All Music Guide - Thom Jurek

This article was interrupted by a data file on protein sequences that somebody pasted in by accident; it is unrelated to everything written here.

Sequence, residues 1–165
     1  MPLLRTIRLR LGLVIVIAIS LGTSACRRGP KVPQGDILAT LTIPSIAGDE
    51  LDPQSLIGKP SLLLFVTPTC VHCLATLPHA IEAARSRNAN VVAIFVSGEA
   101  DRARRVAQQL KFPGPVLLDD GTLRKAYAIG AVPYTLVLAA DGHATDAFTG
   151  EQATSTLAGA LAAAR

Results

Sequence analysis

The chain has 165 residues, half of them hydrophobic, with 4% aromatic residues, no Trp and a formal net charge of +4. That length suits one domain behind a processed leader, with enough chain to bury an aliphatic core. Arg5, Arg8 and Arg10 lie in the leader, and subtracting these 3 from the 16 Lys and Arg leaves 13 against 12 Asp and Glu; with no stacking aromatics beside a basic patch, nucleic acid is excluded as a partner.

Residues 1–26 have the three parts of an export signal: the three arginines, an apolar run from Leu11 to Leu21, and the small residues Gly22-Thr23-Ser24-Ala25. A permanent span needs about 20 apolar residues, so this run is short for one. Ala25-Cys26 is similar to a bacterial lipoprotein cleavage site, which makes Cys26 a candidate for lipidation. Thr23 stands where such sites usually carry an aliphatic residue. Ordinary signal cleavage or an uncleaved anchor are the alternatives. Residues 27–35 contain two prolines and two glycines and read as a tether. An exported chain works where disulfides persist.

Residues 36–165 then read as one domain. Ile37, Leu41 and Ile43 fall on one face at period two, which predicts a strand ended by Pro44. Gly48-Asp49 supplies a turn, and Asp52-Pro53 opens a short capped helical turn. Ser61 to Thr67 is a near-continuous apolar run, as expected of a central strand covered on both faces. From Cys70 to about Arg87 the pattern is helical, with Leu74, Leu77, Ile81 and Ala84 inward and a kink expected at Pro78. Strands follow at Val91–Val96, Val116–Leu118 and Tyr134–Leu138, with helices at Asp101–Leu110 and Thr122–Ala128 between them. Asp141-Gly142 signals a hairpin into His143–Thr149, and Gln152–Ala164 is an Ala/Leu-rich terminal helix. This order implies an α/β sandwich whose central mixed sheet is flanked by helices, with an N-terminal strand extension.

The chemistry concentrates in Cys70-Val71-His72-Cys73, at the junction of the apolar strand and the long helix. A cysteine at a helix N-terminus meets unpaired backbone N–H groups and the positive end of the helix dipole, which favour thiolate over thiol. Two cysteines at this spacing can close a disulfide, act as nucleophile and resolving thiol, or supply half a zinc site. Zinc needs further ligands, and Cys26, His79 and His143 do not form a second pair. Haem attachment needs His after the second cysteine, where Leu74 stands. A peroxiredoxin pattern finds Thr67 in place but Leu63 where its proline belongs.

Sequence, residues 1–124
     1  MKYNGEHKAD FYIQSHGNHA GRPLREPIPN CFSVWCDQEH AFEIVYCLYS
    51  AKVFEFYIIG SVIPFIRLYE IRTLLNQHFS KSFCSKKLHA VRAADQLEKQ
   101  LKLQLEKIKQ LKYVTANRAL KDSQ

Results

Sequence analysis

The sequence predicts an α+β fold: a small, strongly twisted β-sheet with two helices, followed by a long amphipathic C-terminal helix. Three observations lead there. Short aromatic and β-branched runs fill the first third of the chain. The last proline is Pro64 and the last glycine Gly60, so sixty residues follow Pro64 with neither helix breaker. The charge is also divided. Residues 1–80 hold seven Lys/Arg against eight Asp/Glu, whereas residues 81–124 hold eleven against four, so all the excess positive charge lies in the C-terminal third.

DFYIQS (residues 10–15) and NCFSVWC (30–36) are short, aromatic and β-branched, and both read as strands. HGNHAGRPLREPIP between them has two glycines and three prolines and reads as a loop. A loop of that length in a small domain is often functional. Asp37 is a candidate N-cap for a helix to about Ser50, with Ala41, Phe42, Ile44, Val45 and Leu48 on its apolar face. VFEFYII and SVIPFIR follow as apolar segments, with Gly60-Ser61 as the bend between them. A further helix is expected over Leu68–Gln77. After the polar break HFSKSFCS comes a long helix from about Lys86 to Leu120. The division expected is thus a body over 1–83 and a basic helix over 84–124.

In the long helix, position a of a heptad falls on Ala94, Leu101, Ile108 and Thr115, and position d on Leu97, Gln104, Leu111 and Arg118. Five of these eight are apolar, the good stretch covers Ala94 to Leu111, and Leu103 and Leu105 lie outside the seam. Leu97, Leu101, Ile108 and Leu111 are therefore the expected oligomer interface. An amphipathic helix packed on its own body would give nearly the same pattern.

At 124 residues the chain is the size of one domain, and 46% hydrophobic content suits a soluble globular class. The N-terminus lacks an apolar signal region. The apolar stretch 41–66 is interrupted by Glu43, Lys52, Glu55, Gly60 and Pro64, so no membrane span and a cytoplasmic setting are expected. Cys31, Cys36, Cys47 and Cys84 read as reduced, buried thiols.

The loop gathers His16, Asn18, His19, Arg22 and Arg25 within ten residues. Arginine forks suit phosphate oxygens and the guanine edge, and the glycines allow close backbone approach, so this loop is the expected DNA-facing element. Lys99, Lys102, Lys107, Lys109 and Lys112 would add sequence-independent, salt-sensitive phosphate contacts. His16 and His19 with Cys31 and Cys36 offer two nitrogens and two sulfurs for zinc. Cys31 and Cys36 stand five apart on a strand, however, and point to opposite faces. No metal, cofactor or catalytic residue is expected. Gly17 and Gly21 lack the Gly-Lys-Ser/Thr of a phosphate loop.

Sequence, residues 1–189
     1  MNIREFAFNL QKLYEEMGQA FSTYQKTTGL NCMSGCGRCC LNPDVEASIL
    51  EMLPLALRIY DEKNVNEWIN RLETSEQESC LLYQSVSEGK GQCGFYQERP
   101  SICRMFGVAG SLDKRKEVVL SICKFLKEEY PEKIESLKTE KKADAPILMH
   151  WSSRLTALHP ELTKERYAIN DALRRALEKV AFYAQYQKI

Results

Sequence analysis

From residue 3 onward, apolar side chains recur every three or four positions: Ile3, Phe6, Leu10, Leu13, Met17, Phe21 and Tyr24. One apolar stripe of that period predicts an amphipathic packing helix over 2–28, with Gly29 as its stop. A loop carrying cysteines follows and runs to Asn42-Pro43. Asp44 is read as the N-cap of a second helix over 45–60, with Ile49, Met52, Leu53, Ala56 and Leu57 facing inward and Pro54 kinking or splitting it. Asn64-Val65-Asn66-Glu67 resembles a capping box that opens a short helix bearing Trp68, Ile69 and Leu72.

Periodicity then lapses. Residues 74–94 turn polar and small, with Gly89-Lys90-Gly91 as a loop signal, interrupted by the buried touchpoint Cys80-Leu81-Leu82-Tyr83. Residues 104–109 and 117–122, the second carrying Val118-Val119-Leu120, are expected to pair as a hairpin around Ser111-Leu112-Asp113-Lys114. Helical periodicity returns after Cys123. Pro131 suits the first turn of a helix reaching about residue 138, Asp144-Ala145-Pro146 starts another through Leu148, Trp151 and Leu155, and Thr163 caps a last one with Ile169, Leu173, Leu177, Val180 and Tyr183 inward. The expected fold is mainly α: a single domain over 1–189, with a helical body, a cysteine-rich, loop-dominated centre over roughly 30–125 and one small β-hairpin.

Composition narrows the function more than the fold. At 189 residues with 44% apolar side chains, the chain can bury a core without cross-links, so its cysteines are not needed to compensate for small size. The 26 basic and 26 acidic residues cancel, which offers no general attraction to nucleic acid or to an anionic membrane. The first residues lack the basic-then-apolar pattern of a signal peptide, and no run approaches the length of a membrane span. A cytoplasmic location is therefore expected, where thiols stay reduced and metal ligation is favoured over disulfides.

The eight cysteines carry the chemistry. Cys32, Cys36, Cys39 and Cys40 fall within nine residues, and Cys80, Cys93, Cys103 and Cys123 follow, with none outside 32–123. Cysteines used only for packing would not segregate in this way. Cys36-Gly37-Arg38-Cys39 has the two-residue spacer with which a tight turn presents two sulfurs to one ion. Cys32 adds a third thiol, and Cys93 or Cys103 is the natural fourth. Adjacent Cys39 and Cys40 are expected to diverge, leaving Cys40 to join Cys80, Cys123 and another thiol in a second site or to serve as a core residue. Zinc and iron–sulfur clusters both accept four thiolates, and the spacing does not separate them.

The success of Martina McBride's smash single "Where Would You Be" brought the Nash Vegas music-making machinery back to the door of its writer, Rachel Proctor. Proctor had been slogging it out on the fringes of Music City for close to a decade and had been rejected by nearly everyone, before McBride's hit brought the focus back to the singer/songwriter. Where I Belong is her debut offering, and was produced by Chris Lindsey. There are 11 songs here, six of which were co-written by Proctor. The set is a jaunty blend of modern country styles, delivered by a fine singer who can handle anything they put in front of her. But it's in her own songs, loaded at the front and back of the disc, that the real magic happens. The opener, "Days Like This," with its ringing 12-string guitars and punched-up drums, could have been way overblown if it weren't for the rootsy, no-nonsense romantic exuberance in her vocal. When she sings "Ain't nothin' better than a long lingering kiss...," the listener can feel there is experience and optimism in her words. The shift in focus on "Me and Emily," which shares an intro with Marc Cohn's "Walkin' in Memphis," showcases Proctor's mettle as a lyricist. In this tough-as-nails tale of a single mom who is rambling -- on the move away from a dead-end life with an abusive husband -- with her young daughter sleeping in the back seat, the conviction in the grain of her voice brings to bear all the weight placed on the protagonists' decision. It's tough, believable, and full of brittle truth and that glimmer of hope that makes country songs of any stripe special. The honky tonky revenge of "I'm Gonna Get You Back" is predictable, but also believable. The shimmering guitars and whip-crack snare on "We Did It Our Way" signals the beginning of a midtempo ballad that erupts into a country-rock anthem. In sum, this is a very respectable debut by an artist who arrives fully formed, strong, confident, and committed -- in other words, in it for the long haul. Since she's already borne the brunt of Nash Vegas' polite yet creepy inhumane rejection and never surrendered, Where I Belong is her time to begin smelling the roses. Recommended.